Democrat Cedric Kanyinda’s political platform calls for ending Tarrant County’s good ol’ boy ways of doing things and rebuilding trust between the community and law enforcement.
Precinct 2 Commissioner
Tarrant County’s lone female commissioner, Devan Allen, took office in 2018. She has since been the lone progressive voice on a court that has maintained agreements with ICE and supported the far-right political aims of Republican Sheriff Bill Waybourn and DA Wilson. Allen recently announced her intention to not seek reelection to the precinct that serves southeast Tarrant County.
Republican Andy Nguyen served two terms as Precinct 2 commissioner between 2010 and 2018. The sole Republican candidate who is pushing for lower taxes and improved government efficiency will run against the winner of the Democrat primary that currently pits Arlington NAACP President Alisa Simmons against Arlington City Councilmember Ruby Woolridge. Simmons narrowly lost her 2020 bid to become state rep for District 94 while Woolridge, who works as an educator and minister, is relatively new to public office.
The district clerk is the recorder and custodian of court documents. Republican Tim Wilder, a staunch supporter of O’Hare and outlandish conspiracy theories in general, first took office in 1995. Through his personal Facebook account, Wilder has publicly claimed that our news magazine is funded by liberal “donors” who visit Fort Worth for prostitutes. When asked to clarify, Wilder refused to explain his vapid public statement. Military veteran and self-described Constitutional conservative Larry Mike aims to unseat Wilder through the primary. Syed Hassan, who unsuccessfully ran for Precinct 2 commissioner in 2018, is the lone Democrat seeking the district clerk seat.
Justices of the Peace
All eight justice of the peace seats are on the ballot. Last summer, the five Republican JPs schemed with Tarrant’s three Republican commissioners to redraw the JP map (“ Clinging to Power,” Jan. 15). Their aim, according to my extensive investigative research and interviews, was to protect two Republican JP incumbencies and remove Kelicia Lyons, the Democratic opponent of JP Jason Charbonnet, ahead of this year’s election. Now that Lyons’ home has been gerrymandered out of the precinct, she’s running for Crowley school board, leaving a clear path for Charbonnet’s reelection. When elected officials use their positions to dilute the voting power of minorities, they betray the public trust and their oaths of office. Voters can send a message that such acts will not be tolerated by voting against any Republican JP on the ballot.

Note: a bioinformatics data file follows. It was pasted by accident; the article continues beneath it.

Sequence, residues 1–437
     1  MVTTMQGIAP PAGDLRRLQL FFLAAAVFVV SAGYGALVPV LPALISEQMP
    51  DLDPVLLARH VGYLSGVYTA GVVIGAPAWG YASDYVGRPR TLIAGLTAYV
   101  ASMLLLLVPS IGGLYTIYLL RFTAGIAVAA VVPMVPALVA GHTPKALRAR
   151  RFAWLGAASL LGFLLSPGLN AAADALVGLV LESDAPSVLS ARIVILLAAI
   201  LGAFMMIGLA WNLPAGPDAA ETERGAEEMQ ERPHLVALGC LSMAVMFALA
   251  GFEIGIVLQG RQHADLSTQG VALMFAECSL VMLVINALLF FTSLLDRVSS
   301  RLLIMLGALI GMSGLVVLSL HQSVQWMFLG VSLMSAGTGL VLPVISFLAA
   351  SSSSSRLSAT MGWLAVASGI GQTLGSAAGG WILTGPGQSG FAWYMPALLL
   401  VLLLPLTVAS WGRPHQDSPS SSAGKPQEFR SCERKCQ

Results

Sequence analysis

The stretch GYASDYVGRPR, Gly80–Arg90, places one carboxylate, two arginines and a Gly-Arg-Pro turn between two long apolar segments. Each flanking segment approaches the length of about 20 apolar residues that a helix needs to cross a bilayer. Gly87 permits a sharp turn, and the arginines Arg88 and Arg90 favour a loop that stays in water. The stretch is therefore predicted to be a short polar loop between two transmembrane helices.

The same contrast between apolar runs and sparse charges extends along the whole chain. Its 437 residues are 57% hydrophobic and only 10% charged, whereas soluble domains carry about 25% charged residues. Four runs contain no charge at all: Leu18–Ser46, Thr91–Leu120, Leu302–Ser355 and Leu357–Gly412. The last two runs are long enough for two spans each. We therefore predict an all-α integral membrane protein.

U.S. Rep. for District 33
Democrat Mark Veasey has represented Congressional District 33 since 2012. Veasey has focused on economic development, immigration reform, and access to health care as congressman. Veasey is running against fellow Democrat Carlos Quintanilla, who garnered 5% of the popular vote when he ran against Veasey two years ago. Former Boeing employee and Republican Patrick Gillespie lists strong border control, personal liberty, and sanctity of life as his core values. Gillespie will run against fellow Republican Robert Mac Glafin, a U.S. Navy veteran and business consultant, in the primary.
State Rep. for District 93
Matt Krause chose to run for Tarrant County DA rather than seek reelection for the district that encompasses northeast Fort Worth. Former city councilmember Cary Moon resigned in November and will compete against former Southlake mayor Laura Hill and former pastor Nate Schatzline, who, according to his website, is just as paranoid, delusional, and evil as O’Hare.
KC Chowdhury, a self-described family man, union member, and small business owner, is the lone Democrat contender for the state seat.
Voters have until Fri, Feb 25, to cast ballots at early voting polling stations that can be found at VoteTexas.gov.